Event Title

The Damaging Rhetoric of Female Deception in Arthur Miller’s The Crucible and its Modern Day Influence

Faculty Advisor

Joanne Diaz

Graduation Year

2021

Location

Room E103, Center for Natural Sciences, Illinois Wesleyan University

Start Date

4-4-2020 11:00 AM

End Date

4-4-2020 11:15 AM

Description

The Crucible by Arthur Miller is revered by many as a piece of canonical American Drama. Often, it is also a cornerstone of high school level literature courses. However, many times, The Crucible is discussed without proper sensitivity towards the stereotypes it perpetuates. The Crucible harbors the notion that women are deceptive and in the wrong. Failing to address the play’s impurities allows for the preservation of institutionalized sexism. From the witch trials, to the writing of The Crucible, to the current #MeToo era, the oppression and disbelief of women is cyclically present in American history. If there is any hope of breaking this cycle, it must begin by recognizing fictitious narratives regarding women in various works. This presentation discusses how the underlying message about women and girls in The Crucible reinforces destructive portraits of women and how that reinforcement has helped shape a “witch-hunt” rhetoric that repeatedly damages and discredits the validity of females.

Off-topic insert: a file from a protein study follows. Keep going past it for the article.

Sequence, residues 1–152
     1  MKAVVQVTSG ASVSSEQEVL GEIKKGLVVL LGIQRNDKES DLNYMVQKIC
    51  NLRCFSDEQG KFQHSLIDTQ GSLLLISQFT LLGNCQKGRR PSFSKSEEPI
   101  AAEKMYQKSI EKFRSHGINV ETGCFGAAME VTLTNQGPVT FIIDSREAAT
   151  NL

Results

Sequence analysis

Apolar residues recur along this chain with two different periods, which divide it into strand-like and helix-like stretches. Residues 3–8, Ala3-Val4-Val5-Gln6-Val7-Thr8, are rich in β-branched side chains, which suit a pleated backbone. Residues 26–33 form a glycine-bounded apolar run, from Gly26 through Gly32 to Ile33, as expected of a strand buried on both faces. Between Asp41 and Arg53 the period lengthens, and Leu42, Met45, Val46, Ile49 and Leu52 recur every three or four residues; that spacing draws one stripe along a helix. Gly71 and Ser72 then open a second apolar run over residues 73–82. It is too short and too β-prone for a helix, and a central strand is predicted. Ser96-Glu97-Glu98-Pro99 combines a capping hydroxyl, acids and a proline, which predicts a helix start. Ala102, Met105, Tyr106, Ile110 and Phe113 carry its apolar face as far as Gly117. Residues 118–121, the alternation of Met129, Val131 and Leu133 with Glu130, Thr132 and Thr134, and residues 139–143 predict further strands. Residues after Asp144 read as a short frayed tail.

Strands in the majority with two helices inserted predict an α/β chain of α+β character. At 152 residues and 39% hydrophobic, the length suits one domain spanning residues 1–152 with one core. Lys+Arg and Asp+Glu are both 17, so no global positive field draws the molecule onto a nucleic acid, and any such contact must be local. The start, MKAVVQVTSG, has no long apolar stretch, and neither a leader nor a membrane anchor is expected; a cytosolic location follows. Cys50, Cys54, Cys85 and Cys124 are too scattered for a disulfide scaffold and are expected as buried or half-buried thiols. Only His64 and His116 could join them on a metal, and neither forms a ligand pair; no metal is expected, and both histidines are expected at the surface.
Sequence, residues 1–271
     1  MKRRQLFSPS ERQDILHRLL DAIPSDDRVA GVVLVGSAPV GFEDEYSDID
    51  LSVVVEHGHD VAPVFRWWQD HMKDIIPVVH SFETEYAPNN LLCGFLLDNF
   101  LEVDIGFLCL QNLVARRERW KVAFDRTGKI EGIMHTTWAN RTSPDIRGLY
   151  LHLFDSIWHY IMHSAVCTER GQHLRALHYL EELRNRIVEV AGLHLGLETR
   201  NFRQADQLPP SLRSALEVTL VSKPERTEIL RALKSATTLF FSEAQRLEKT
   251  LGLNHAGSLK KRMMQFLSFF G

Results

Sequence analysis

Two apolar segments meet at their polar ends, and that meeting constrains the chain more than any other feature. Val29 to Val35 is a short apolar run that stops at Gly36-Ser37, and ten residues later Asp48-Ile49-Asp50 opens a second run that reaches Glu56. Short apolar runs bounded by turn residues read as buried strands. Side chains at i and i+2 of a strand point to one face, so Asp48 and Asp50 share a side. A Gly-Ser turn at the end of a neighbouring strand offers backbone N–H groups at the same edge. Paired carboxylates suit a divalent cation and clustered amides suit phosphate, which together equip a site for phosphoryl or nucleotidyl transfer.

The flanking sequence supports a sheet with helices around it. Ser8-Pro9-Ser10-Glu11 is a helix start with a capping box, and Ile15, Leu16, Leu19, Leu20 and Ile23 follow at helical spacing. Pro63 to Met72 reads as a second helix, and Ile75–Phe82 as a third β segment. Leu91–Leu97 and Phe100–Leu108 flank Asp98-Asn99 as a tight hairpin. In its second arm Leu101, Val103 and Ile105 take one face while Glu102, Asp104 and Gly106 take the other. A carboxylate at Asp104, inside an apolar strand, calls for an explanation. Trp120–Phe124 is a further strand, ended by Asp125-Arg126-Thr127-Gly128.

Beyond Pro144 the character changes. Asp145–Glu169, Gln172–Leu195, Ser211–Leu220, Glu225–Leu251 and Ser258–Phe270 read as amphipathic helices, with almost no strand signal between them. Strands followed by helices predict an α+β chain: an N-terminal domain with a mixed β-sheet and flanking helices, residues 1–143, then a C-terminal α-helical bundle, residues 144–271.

This document is currently not available here.

Share

COinS
 
Apr 4th, 11:00 AM Apr 4th, 11:15 AM

The Damaging Rhetoric of Female Deception in Arthur Miller’s The Crucible and its Modern Day Influence

Room E103, Center for Natural Sciences, Illinois Wesleyan University

The Crucible by Arthur Miller is revered by many as a piece of canonical American Drama. Often, it is also a cornerstone of high school level literature courses. However, many times, The Crucible is discussed without proper sensitivity towards the stereotypes it perpetuates. The Crucible harbors the notion that women are deceptive and in the wrong. Failing to address the play’s impurities allows for the preservation of institutionalized sexism. From the witch trials, to the writing of The Crucible, to the current #MeToo era, the oppression and disbelief of women is cyclically present in American history. If there is any hope of breaking this cycle, it must begin by recognizing fictitious narratives regarding women in various works. This presentation discusses how the underlying message about women and girls in The Crucible reinforces destructive portraits of women and how that reinforcement has helped shape a “witch-hunt” rhetoric that repeatedly damages and discredits the validity of females.